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Now see, when you talk about vigilantism, I think of movies like Taxi Driver or Death Wish, where one guy takes it upon himself to go out and kill gangbangers or muggers. While I'm not sure if those kinds of people deserve to be killed, I'm not going to shed a tear over their deaths, because they're actively making the lives of good people hell.

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Hey, I finally updated the contents list on the main post. XD So neglected... poor thing.

 

Subject #33: Personality Types

Do you think society would benefit from embracing them more? Or do better without?

 

For the past few months I've heavily been into the whole personality types thing, specifically the 16 MBTI types. I still am semi-ish, but I realise how addicted I became to it and I'm trying to steer myself away from it now.

But I've had thoughts. Some people encourage you to put your personality type on your resume and such, or to tell your employer your personality type in hopes that you will be more likely to be hired. But is this really fair?

To be honest, if jobs and careers depended a lot on your personality type, I would be upset. XD

Some workplaces do not condone the whole sharing your personality type thing, others embrace it. What do you think?

I could go into more details but not right now, it's midnight. lol

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This is an interesting question. I used to completely ignore this until you got me to look into it some months ago. I can't say I've become obsessed but I was surprised how accurately these 4 letters can give a snapshot of a person't overall temperament.

 

I still think there is much more to personality and character than just a rigid type but I think it gives a very important insight into the fabric of our society.

 

As for typing people for work? Well, that's what the job of a manager has been all about for millenia - only maybe not as formalised :-) More art than calculation - to select teams where you can avoid unnecessary conflicts and use different traits to the overall advantage...

 

I would not go as far as selecting candidates by their types - no, that would be short-sighted and primitive. But knowing a person's type may give the manager or a colleague just enough guidance to know how to deal with them, what reaction to anticipate, how to ask for help, what motivation to use when giving a task to perform - that kind of thing.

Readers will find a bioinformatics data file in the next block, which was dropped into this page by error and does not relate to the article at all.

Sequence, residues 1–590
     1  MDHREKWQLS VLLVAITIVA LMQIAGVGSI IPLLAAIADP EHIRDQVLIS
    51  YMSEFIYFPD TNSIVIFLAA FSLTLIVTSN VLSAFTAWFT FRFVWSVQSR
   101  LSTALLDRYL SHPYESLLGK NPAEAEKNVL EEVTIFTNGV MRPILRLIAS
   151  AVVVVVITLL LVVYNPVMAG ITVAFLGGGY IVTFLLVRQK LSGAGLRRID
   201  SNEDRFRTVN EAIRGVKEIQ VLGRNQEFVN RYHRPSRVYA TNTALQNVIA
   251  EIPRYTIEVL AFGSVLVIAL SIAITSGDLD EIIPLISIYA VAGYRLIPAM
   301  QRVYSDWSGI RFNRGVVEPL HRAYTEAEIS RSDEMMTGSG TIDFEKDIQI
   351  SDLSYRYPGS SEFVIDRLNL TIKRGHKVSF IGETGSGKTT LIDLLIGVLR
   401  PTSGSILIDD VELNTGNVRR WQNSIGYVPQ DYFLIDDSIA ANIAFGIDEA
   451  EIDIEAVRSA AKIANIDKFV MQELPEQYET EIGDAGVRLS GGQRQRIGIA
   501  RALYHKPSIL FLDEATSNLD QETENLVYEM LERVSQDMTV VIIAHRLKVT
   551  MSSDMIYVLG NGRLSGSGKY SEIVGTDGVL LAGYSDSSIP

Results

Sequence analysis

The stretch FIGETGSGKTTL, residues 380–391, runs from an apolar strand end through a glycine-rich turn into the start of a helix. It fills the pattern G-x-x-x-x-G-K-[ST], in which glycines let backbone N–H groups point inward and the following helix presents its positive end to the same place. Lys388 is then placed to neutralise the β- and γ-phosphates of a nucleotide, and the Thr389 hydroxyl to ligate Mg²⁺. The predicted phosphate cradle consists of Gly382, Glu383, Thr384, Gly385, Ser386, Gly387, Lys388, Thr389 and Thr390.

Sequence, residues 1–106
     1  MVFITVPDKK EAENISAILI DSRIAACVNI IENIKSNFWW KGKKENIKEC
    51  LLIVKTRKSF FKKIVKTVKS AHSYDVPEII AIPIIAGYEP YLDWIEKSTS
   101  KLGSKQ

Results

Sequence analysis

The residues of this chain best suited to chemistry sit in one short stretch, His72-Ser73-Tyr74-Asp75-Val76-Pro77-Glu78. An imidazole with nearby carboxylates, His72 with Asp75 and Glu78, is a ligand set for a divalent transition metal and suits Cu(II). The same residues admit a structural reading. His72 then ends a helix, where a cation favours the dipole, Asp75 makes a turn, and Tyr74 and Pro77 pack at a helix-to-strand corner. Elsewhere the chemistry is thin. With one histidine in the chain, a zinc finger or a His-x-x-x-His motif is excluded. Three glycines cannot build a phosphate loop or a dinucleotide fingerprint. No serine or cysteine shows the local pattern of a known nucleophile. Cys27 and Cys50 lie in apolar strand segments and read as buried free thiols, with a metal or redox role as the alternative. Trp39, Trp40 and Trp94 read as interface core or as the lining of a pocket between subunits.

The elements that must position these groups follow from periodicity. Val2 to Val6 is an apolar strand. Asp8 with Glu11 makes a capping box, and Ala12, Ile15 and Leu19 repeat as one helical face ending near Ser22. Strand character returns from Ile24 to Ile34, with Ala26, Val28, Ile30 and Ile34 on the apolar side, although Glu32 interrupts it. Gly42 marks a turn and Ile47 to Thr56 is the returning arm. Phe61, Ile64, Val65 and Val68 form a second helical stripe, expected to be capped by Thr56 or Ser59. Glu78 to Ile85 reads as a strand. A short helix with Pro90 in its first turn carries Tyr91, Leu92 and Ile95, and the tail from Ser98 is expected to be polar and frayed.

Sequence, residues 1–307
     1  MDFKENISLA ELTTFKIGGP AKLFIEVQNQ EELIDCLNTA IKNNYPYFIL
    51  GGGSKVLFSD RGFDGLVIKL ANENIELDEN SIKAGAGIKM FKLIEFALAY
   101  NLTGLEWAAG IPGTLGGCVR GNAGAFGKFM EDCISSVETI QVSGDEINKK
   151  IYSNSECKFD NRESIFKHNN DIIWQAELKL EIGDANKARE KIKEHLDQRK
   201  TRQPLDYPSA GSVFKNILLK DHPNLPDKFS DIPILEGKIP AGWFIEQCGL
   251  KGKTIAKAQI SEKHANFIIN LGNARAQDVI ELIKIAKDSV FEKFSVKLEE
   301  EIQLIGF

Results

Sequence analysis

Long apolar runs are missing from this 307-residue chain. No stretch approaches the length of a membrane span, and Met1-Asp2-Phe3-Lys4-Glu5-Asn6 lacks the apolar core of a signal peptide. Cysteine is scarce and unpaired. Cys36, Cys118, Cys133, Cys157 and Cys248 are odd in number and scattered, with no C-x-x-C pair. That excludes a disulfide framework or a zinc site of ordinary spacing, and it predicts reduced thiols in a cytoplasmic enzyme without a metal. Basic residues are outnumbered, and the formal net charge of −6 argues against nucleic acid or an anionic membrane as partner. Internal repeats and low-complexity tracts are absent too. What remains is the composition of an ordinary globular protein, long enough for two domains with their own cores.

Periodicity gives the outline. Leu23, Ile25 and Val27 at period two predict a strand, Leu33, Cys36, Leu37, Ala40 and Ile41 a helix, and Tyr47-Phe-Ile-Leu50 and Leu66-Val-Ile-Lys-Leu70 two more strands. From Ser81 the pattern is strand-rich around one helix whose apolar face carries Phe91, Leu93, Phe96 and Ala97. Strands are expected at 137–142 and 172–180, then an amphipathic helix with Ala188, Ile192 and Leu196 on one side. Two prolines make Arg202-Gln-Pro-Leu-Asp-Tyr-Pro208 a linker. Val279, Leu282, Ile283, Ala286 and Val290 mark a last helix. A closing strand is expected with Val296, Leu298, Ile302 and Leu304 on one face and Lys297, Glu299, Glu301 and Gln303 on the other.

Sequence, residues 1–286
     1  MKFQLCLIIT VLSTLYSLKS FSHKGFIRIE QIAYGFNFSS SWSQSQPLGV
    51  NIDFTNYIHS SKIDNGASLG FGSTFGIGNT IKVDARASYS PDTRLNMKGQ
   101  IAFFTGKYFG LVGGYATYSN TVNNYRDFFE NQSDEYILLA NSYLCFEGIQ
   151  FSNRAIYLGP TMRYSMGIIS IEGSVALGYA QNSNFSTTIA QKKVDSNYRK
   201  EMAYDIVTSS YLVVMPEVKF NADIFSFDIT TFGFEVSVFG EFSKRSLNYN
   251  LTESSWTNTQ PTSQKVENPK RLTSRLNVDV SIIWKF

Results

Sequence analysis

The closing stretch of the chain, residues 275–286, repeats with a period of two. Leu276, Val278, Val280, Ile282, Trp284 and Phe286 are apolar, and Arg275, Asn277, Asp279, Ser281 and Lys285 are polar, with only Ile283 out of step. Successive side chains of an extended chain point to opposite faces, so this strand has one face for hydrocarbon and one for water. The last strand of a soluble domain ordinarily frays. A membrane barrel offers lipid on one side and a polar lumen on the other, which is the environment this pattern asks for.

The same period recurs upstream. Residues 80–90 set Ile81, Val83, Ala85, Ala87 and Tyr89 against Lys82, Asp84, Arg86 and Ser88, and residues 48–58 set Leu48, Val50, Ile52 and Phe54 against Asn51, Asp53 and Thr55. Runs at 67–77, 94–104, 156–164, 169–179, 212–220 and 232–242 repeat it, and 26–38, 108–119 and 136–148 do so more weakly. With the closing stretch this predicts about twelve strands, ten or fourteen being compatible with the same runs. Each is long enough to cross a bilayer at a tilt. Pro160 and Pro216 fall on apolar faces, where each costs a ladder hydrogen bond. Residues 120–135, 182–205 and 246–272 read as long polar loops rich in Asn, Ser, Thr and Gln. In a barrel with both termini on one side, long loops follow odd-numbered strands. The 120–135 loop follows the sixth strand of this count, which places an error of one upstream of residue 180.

But care will be needed as it is all too easy to slips into blind dumb discrimination... People need to be taught what it all means before given these tool to handle...

 

Regards

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I do think that personality types should be used far more than they currently are, as it makes it incredibly difficult for some of us to get jobs when the employers are expecting a far more common personality type. If those common types were to act like I do in an interview, they would be extremely undesirable for employment in most jobs.

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Well the opinion discussion has been structured in numbered subjects so... yeah.

 

I mean I guess we could keep rolling with this. Probably shouldn't switch them too fast.

Subject #34: Respect

 

I've always gone by the personal rule of everyone gets the same level of respect unless influenced otherwise whether it's positive or negative. This is why first impressions are so important to me because that "default" respect is very easy to manipulate and bad first impressions are often hard to fix.

 

Not to say a bad first impression can't be fixed or that a good first impression will stick.

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Hey, I could tottaly agree with Markiplier as well on this.

 

I could add that I really hate that when people forces or expect respect from you. Of course, there are some situations that you gotta respect someone from start, but I have a little temper towards someone who should be respected but acts like a tottaly ass. Being a dick to people really makes me angry and then I tend to argue and get into fights... I simply don't like it when someone is acting like they are better than others...

 

IMO Respect can be earned or just assumed from start but then it should be kept, and the person who is ment to be respected (like teacher, parent ect) should do things that will show he's worth the respect from others. But really he doen't need to do anything special, just simply not be a dick out of sudden...

 

What do you think?

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All I can say about respect is that respect is something you really have to earn, and it's gonna be a worthwhile grind.

 

Subject #35: Fraud

I'm referring the clusterfuck that was the Fyre festival. I thought it was so bad, it put most Kickstarter/Indiegogo frauds to shame. The ludicrousness of it all, (Island owned by Pablo Escobar? I'd believe them if they said it was an airport) the price of tickets ranging from thrice the amount of my tuition fee up to the national debt of a small country, and the fact that people actually paid big money for what turned out to be a "refugee camp experience" (complete with sandwich) made me wonder: Are people really that easy to scam?